What if a breast implant could deter the recurrence of breast cancer? Researchers at Brown University, who dared to ask whether nanotechnology could benefit breast reconstruction patients, have created a breast implant that may one day revolutionize the field of breast reconstruction. Their results have been published in the journal Nanotechnology.
According to ScienceDaily, one in eight women in the US will develop breast cancer, and many will undergo mastectomy as a result. Breast reconstruction surgery, which restores the appearance of the breast, often uses an implant to provide the desired contour. “Cancer is an elusive target, though, and malignant cells return for as many as one-fifth of women originally diagnosed.”
Biomedical scientists wondered whether implant materials could reduce the rate of relapse. Their results have been promising. By creating a “bed-of-nails” surface at an extremely tiny scale, they have created an implant that effectively prevents cancer cells from thriving, while attracting healthy cells. The new implant uses a common polymer that has already been approved by the US government.
“We’ve created an (implant) surface with features that can at least decrease (cancerous) cell functions without having to use chemotherapeutics, radiation, or other processes to kill cancer cells,” Thomas Webster, one of the study authors, told ScienceDaily.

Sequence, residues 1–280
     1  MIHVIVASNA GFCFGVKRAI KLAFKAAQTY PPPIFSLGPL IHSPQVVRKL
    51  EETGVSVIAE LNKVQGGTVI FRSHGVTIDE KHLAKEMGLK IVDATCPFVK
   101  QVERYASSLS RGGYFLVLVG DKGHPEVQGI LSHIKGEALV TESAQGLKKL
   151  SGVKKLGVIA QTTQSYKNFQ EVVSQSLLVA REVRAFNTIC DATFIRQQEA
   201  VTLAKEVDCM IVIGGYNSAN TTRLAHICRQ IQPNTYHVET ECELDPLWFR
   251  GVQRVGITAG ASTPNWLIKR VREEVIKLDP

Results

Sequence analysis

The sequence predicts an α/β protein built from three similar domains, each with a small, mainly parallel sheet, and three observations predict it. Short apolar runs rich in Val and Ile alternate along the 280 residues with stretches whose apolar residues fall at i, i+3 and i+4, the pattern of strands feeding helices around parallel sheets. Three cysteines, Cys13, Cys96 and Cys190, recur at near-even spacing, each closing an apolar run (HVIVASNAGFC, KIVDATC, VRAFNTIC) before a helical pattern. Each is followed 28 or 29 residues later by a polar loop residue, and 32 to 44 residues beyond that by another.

The implant’s surface was created with adjoining, 23-nanometer-high pimples, which are designed to discourage the production of a certain protein. This protein, VEGF, is vital to the production of endothelial breast-cancer cells. The study found that there was a 15 percent reduction in VEGF concentration at the site of the implant.
Webster believes that these results likely arise from the stiffness of breast-cancer cells. “When they come into contact with the bumpy surface,” writes ScienceDaily, “they are unable to fully wrap themselves around the rounded contours, depriving them of the ability to ingest the life-sustaining nutrients that permeate the surface.”
While cancer-deterring implants will likely not see the market for many years, this story offers just a small window into the cutting edge of biomedicine.
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